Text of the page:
6. EOBRs are not enforceable — roadside officers will just “wave you through.”
Kraft: Kraft referenced CVSA’s North American inspectors’ championships, where he says he saw firsthand how some jurisdiction are “getting impressive with the knowledge inspectors have of these systems. The idea that you’re just going to get waved through isn’t there anymore. And inspection screening is getting much better — carriers with low violation rates are just not going to be screened.” All the same, carriers who’ve implemented EOBRs, he added, have an advantage over others in this day and age.
Lowry: “We here in Utah have a top-hands competition the highway patrol competes in, and then they do it on a national level. They’ve invited me the last two years to teach them about EOBRs – what the myths are and how the systems actually function. They are required to be recertified yearly. Local folks are getting more trained on how to read the EOBRs – on the different types, they stay up to date. One benefit I’ve found is that you don’t have worry about when a driver arrives having them on the right duty status. It does it automatically. Enforcement can get everything at a quick glance, too.”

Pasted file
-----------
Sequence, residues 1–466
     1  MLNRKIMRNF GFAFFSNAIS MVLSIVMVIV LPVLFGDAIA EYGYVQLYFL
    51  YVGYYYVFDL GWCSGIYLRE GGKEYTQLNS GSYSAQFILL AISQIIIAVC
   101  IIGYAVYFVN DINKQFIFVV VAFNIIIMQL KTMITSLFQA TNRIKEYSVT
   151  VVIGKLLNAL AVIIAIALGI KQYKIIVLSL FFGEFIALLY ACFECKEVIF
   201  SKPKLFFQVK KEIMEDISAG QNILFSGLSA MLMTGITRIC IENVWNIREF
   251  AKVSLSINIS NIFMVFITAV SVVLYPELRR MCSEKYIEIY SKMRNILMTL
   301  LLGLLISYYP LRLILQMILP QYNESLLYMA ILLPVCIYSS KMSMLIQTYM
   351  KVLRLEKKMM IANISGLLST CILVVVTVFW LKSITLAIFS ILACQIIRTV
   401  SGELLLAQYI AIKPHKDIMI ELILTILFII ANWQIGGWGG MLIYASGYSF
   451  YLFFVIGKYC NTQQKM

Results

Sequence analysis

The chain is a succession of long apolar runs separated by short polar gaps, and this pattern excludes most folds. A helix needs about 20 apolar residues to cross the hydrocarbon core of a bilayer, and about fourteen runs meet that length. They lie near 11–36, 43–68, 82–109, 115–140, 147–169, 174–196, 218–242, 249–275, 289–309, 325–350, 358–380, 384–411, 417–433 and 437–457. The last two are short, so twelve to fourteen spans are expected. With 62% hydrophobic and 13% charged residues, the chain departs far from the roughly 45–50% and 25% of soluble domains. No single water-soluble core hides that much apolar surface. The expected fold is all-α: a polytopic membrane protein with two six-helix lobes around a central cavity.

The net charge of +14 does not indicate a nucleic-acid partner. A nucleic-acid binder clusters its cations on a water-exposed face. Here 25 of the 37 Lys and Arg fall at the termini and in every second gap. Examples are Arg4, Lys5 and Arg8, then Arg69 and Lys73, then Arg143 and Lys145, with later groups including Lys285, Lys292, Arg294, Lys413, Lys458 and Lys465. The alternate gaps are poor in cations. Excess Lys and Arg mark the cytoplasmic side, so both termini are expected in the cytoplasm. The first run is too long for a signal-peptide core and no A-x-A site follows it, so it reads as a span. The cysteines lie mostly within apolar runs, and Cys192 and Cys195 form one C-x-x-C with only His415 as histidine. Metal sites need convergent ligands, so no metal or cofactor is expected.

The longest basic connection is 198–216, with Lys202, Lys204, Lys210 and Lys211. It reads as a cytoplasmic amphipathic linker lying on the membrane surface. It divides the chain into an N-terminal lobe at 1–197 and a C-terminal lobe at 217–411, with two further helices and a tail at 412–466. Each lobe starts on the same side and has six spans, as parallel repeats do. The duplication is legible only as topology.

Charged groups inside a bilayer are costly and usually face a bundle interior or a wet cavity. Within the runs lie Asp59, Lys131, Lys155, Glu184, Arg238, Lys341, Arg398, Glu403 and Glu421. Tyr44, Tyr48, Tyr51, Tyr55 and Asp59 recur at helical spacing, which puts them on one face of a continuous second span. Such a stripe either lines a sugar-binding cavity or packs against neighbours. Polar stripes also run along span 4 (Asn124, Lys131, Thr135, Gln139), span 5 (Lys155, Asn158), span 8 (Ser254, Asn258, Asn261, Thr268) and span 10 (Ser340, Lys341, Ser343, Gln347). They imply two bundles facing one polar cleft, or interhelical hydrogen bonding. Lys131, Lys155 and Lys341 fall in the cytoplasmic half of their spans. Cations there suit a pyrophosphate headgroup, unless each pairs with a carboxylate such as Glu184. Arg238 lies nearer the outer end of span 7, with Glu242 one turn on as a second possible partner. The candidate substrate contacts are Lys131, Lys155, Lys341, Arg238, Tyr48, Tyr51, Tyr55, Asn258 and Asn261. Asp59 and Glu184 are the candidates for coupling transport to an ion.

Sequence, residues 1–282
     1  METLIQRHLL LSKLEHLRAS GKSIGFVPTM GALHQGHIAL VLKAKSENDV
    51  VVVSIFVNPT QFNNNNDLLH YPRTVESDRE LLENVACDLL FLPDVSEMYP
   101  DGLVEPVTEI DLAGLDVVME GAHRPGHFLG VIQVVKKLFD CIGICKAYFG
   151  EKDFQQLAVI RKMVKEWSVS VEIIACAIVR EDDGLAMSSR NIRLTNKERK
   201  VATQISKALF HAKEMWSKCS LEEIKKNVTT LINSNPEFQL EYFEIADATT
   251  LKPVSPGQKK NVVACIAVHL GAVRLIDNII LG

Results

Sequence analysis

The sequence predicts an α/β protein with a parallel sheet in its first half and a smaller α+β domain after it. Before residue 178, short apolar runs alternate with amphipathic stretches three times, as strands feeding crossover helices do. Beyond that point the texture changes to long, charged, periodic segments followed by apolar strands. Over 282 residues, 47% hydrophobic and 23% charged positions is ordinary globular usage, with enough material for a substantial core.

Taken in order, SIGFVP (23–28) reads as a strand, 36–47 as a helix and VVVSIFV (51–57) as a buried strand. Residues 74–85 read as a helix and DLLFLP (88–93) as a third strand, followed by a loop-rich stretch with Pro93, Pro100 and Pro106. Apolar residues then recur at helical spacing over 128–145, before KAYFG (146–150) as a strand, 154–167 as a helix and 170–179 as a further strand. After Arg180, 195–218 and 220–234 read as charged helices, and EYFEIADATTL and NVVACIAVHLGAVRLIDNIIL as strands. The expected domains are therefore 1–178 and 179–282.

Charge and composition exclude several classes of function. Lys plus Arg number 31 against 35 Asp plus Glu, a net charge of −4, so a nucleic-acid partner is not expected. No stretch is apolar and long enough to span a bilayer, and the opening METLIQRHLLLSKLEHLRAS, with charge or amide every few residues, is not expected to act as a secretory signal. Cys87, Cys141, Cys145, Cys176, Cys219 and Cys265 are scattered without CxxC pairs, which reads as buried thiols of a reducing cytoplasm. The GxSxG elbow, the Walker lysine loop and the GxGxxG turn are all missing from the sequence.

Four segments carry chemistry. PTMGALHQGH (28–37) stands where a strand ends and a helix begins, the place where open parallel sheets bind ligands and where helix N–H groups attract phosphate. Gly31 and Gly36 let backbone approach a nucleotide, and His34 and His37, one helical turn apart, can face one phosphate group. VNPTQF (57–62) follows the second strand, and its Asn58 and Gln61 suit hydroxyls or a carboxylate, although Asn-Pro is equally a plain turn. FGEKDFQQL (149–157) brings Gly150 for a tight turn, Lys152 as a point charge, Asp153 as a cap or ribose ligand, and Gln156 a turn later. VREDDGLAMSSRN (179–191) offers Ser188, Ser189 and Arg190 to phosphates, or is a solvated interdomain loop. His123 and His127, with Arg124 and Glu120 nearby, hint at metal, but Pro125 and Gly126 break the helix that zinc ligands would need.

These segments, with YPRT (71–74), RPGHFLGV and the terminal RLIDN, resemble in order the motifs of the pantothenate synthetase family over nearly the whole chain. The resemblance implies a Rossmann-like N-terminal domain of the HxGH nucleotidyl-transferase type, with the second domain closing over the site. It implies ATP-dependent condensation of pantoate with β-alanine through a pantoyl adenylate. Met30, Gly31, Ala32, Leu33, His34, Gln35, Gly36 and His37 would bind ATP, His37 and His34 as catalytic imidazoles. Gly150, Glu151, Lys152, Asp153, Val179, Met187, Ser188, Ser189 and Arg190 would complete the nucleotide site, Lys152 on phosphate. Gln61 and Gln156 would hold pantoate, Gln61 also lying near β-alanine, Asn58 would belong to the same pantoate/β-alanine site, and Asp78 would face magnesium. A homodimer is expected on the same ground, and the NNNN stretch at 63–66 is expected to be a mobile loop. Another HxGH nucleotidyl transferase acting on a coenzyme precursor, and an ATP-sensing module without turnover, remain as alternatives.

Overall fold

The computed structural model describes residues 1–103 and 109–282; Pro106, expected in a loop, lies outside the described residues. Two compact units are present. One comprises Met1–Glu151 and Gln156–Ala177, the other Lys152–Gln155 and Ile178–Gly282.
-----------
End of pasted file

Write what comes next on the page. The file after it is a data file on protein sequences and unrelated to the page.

Dinino: “Certainly, our numbers have been reduced in terms of inspections and violations – a direct result of the EOBRs. What it does do is make an awareness available to us [on where] to heavily concentrate our maintenance issues to have a clean inspection when we are inspected. While the inspection rate has dropped, the violation rate has dropped exponentially.”